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Sub Grub Is Navy's Five-Star Secret

The Pentagon goes to great depths to provide the crews of its underwater boats with the best food the military can cook up.

January 18, 2003|Peter Pae | Times Staff Writer

SAN DIEGO — It's lunchtime aboard the nuclear attack submarine Jefferson City and the tired crew -- some bearing fresh grease stains on their work overalls -- fills the tiny dining room, clearly ready to chow down.

On cue, mess specialist Richard Youhan begins slicing a 25-pound prime rib roast into half-inch-thick pieces, before gingerly transferring the second entree, baked lobster tails with spicy Old Bay Seasoning, onto a serving tray.

Sauteed mushrooms, baked potatoes and beef rice soup come next, with baskets full of hot, oven-baked bread that was made from scratch. For dessert Youhan, a petty officer 3rd class and former French pastry baker from Cypress, has prepared chocolate and lemon cakes made with real chocolate and freshly squeezed lemon juice.

Welcome to submarine life, where the Navy's chefs prepare what is widely considered to be the military's finest dining experience. Because nuclear subs stay submerged for as long as 90 days straight, serving better food is a way to make up for what is considered to be one of the toughest assignments in the military.

For The Record
Los Angeles Times Thursday January 23, 2003 Home Edition Main News Part A Page 2 National Desk 15 inches; 563 words Type of Material: Correction
Submarine food -- A chart accompanying Saturday's Column One about dining on board a submarine showed that the cholesterol count of eggs and omelets made to order on the Jefferson City is zero milligrams. The chart, supplied by the Navy, indicated zero milligrams because the exact cholesterol level varies depending on how the sailors wanted their eggs prepared.

"When we're out to sea, the highlight of the day is food. There is not much else to look forward to," says senior mess specialist Salvador Rico, a petty officer 1st class and an 11-year veteran of the nation's nuclear submarine fleet.

Tom Clancy, best-selling author of "The Hunt for Red October," has raved about submarine food, writing that the dining experience is "truly a pleasure, as the Navy goes all out to give the men the best chow the taxpayer's money can buy."

Much about submarine life, particularly in the nuclear fleet, was kept secret during the Cold War.

But the closely held tradition surrounding submarine cuisine -- long dismissed as a myth outside the Navy -- has recently begun to emerge.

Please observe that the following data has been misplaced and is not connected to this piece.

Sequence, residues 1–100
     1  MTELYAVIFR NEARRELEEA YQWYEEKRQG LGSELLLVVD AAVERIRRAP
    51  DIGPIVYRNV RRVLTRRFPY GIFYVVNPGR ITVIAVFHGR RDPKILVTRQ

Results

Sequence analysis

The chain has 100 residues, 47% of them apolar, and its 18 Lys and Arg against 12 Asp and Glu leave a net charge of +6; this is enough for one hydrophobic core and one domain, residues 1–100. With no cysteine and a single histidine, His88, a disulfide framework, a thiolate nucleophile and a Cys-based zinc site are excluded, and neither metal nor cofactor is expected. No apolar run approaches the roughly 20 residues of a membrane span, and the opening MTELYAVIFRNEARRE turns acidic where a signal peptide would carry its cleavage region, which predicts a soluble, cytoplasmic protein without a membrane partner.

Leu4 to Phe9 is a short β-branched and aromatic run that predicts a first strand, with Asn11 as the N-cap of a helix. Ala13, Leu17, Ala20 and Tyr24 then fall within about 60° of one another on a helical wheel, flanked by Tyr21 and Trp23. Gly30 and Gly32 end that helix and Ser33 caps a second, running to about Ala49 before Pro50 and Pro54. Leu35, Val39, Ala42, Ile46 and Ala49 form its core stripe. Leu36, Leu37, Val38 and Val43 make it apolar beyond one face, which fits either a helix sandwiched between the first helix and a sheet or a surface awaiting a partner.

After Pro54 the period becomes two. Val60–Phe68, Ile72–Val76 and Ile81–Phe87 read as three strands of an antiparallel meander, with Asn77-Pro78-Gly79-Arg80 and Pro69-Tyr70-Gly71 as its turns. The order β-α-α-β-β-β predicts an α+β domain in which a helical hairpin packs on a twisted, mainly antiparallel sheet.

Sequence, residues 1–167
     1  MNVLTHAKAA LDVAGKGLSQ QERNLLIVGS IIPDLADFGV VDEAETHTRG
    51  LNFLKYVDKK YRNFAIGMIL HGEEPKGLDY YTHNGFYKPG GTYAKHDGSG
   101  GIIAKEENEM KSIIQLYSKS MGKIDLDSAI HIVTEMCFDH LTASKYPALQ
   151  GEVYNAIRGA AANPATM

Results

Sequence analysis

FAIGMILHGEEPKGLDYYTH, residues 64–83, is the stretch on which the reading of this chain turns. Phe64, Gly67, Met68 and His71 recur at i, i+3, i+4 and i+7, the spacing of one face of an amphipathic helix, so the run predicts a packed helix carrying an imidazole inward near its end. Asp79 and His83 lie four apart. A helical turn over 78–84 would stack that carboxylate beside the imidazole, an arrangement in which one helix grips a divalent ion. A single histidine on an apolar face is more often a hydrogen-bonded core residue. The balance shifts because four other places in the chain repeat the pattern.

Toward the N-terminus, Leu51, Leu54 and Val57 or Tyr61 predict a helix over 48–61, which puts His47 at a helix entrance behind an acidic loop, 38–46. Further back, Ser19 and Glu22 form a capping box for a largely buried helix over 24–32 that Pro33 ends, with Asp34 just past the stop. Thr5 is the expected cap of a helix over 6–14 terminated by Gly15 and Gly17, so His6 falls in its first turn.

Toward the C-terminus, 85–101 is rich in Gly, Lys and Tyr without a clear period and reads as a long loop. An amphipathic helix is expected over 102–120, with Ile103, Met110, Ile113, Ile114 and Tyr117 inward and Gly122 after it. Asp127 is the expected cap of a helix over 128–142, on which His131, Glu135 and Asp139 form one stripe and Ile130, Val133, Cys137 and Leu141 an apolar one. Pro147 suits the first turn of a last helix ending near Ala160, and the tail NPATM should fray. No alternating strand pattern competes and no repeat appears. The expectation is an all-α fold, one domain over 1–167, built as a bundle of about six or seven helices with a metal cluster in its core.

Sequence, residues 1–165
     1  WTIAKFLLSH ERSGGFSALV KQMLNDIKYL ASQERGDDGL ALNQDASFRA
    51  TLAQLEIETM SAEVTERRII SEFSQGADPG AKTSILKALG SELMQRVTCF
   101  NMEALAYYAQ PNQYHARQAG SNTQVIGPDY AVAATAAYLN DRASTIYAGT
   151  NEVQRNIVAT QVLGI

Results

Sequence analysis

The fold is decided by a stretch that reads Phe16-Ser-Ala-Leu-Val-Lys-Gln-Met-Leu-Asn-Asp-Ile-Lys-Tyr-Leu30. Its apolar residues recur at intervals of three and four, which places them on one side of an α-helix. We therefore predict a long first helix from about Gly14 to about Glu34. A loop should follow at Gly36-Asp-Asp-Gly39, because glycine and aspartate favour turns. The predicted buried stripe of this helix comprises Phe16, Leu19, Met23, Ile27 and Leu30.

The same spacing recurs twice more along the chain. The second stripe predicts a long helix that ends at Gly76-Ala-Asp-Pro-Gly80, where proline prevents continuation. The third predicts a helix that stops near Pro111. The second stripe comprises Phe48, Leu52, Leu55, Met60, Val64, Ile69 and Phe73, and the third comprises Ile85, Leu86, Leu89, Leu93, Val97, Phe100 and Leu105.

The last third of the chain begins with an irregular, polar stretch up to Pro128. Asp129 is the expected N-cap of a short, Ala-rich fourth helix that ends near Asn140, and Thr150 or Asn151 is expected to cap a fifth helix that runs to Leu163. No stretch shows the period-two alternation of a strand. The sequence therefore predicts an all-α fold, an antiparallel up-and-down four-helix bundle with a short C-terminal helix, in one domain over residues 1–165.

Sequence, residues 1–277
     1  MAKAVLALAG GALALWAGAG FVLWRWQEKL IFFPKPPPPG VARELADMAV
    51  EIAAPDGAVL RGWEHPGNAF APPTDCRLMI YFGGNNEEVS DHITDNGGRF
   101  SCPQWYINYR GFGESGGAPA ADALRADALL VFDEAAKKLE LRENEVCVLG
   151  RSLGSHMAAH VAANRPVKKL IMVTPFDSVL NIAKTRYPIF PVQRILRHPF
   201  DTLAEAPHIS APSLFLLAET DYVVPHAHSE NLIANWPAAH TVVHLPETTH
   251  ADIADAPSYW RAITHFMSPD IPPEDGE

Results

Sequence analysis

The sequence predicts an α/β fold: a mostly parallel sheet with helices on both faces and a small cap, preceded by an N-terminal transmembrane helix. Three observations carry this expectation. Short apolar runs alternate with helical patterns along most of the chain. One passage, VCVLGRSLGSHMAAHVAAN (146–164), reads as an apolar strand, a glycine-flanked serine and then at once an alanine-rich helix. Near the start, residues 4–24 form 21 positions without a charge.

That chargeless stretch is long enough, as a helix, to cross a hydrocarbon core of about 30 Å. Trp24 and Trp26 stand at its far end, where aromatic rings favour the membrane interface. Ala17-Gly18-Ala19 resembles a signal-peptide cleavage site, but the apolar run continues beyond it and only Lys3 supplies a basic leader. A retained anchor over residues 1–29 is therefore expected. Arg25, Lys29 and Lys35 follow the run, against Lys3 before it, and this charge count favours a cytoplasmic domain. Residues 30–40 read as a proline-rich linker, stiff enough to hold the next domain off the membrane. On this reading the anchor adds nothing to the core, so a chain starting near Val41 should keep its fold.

The Food Network cable channel has produced a television show devoted to food served aboard subs, and a cookbook is in the works with the working title "Deep Comfort: Cooking Secrets From America's Submarine Service."

The tradition dates to World War II, when sailors jealously marveled at a submarine's food inventory, which often included steak, lobster and freshly made sausage. It was on a sub that the Navy's first fresh milk dispenser was installed in 1960 after Congress passed legislation overruling Pentagon officials who had argued there was no room for it.

"Food was a reward for hazardous duty," says retired Vice Adm. Joe "Jumping Joe" Williams, who commanded the Atlantic submarine fleet before leaving the Navy in 1977 after 30 years of service.

"We had three things going for us: The quality of food and the amount that was served. The music on board. And the reading materials. But food was a very, very important component."

Submarine cooks don't just peel potatoes, says Lt. Cmdr. Steve Benke, the Jefferson City's executive officer. "They're going to culinary school."

And not just any ordinary schools or restaurants. One of the nation's top chef schools, the Culinary Institute of America in Hyde Park, N.Y., regularly trains submarine cooks. So have some of the best-known restaurants in the country, including the "21" in New York, the Cloister in Georgia and Emeril's in New Orleans. After leaving the Navy, some submarine cooks have wound up teaching at the Culinary Institute or becoming chefs at fashionable restaurants such as the Park Avenue Cafe in Manhattan.

Williams recalls sending his cooks to the Stork Club or the Algonquian Room in the 1950s when his subs docked in New York.

For the submarine cooks, it was a life-altering experience. "We would have these meat-and-potato guys, most of them from the heartland, who would be exposed to things they've never seen before and they'd finish their Navy careers more worldly than most of us," Williams says. The tradition has grown to where a sub might have several restaurants and schools it can tap for training.

Even when the subs are deployed the cooks may spend a few days getting tips from local restaurants while docked at a port in Japan or Spain. The crew of the Jefferson City, for instance, got Australian cooking tips last year from one of that country's more acclaimed chefs while visiting Perth.

Their culinary skills also have resulted in many submarine cooks landing jobs in the White House. The Air Force flies the president, the Marines help provide his security, but it's the Navy chefs -- often former submarine cooks -- who prepare his meals.

That tradition dates to President Franklin D. Roosevelt, a former undersecretary of the Navy who later had Navy cooks prepare his meals when he used the presidential yacht. President Truman later extended those responsibilities to the White House.

Recently, a Times reporter boarded the Jefferson City when it was docked at the Point Loma sub base near the mouth of San Diego Bay.

The Navy's fleet of 73 submarines -- all powered by nuclear reactors -- is divided into two classes.

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